Myths & Facts About Energy Supply
Myth: Uranium supplies are running out.
Fact: Readily available uranium resources (5.5 million metric tons) will last at least 100 years at today’s consumption rate, according to the World Nuclear Association and the Nuclear Energy Agency of the Organization for Economic Cooperation and Development. An estimated additional 10.5 million metric tons that remain untapped will expand the available supply to at least 200 years at today’s consumption rate. The agency also determined that further exploration and improvements in extraction technology are likely to at least double this estimate over time. These estimates do not take into account the effect that increased recycling of used nuclear fuel would have on global supplies. The Massachusetts Institute of Technology confirmed that uranium supplies will not limit the expansion of nuclear energy in the U.S. in its 2010 study “The Future of the Nuclear Fuel Cycle.”
Myth: Nuclear energy is not needed to achieve the nation’s energy and environmental goals.
Fact: Analyses of climate change issued by independent organizations including the National Academies of Science, Electric Power Research Institute, U.S. Environmental Protection Agency and the U.S. Energy Information Administration show that reducing carbon emissions requires a portfolio of clean energy technologies, including nuclear energy. All agree that a major expansion of nuclear generating capacity over the next few decades is essential for success.
Myth: Renewables and efficiency can meet all the nation’s energy needs.
Fact: Increased efficiency and the expansion of renewable energy supplies are important, but wind and solar technologies are intermittent by nature and cannot generate continuous electricity supply. Baseload electricity makes up more than 60 percent of the electricity used in the United States. Even with record growth in recent years, renewable energy technologies constitute 4 percent of U.S. electricity production, excluding hydroelectric power that increased only marginally. Nuclear power plants provide 19 percent of the nation’s electricity, despite constituting only 9 percent of installed electric generating capacity. Currently, nuclear energy, coal and natural gas power plants produce 86 percent of the nation’s electricity. Nuclear energy is the only low-carbon source of baseload electricity that can be expanded on a large scale to replace carbon-emitting coal and natural gas baseload power plants.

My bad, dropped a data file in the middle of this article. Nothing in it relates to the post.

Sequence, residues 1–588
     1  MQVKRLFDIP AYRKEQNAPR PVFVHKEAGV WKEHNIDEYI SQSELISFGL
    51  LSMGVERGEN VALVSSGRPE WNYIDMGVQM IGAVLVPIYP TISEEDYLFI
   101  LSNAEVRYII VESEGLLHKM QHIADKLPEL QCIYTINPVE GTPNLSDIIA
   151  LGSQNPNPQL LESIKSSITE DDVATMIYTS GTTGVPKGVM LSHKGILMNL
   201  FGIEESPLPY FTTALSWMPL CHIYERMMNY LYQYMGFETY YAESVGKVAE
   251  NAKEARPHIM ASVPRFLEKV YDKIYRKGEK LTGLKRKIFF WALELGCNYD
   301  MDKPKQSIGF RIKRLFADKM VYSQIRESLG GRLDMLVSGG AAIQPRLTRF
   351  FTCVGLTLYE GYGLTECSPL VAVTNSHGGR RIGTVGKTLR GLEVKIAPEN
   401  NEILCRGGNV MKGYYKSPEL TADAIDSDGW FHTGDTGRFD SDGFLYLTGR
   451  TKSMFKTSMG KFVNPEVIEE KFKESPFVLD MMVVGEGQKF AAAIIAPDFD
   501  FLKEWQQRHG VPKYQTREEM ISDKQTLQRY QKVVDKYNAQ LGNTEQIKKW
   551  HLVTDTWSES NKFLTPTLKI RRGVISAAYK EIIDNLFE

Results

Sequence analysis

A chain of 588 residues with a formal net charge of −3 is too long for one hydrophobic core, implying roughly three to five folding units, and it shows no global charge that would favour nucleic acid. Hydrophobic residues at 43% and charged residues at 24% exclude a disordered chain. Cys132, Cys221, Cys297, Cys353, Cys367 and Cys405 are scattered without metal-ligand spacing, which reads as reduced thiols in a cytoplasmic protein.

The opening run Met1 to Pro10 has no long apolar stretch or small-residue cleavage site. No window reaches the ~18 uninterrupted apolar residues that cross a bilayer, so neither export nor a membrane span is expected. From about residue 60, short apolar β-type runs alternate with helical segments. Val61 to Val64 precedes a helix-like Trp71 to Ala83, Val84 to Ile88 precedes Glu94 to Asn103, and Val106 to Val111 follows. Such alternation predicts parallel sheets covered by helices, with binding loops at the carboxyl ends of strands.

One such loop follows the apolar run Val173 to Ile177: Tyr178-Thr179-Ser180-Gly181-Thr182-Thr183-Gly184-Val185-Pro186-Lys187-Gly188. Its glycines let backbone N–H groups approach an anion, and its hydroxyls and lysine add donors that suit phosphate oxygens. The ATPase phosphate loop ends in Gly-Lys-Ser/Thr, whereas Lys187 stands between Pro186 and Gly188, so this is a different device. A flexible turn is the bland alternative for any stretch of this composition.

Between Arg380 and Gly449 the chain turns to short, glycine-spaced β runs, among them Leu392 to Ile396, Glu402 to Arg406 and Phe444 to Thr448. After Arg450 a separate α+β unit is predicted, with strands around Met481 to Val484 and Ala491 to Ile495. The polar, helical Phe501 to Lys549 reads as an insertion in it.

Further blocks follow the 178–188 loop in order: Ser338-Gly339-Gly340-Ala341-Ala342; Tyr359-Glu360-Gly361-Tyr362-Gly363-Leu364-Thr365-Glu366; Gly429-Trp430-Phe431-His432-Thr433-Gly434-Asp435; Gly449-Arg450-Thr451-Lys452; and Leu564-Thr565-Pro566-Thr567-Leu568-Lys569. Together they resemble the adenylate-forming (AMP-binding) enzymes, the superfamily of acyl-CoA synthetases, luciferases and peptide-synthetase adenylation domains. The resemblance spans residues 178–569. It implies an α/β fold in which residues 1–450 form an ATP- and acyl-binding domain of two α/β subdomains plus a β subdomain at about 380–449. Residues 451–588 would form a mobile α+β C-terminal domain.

Myth: Baseload electricity is not needed to meet our energy needs.
Fact: Baseload electricity is critical to the U.S. economy and American’s quality of life. About 60 percent of the electricity used in the United States is baseload electricity. Baseload electricity is the continuous “round-the-clock” electricity needed to run our homes, schools, hospitals, businesses, transportation infrastructure, telecommunications, military and other operations vital to the safety and security of our nation and citizens. Nuclear energy, coal and natural gas power plants produce most of the nation’s baseload electricity. Intermittent electricity sources such as wind and solar are incapable of generating baseload electricity.